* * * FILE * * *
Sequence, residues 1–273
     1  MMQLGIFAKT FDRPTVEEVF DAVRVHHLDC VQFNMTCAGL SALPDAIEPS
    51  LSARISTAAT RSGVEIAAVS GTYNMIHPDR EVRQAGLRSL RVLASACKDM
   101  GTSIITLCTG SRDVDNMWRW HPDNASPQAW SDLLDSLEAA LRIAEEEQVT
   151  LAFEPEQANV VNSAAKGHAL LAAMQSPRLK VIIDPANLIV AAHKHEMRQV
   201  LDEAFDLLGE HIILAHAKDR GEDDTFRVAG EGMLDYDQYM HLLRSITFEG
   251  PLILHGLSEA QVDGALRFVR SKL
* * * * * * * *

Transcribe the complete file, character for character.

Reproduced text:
Sequence, residues 1–273
     1  MMQLGIFAKT FDRPTVEEVF DAVRVHHLDC VQFNMTCAGL SALPDAIEPS
    51  LSARISTAAT RSGVEIAAVS GTYNMIHPDR EVRQAGLRSL RVLASACKDM
   101  GTSIITLCTG SRDVDNMWRW HPDNASPQAW SDLLDSLEAA LRIAEEEQVT
   151  LAFEPEQANV VNSAAKGHAL LAAMQSPRLK VIIDPANLIV AAHKHEMRQV
   201  LDEAFDLLGE HIILAHAKDR GEDDTFRVAG EGMLDYDQYM HLLRSITFEG
   251  PLILHGLSEA QVDGALRFVR SKL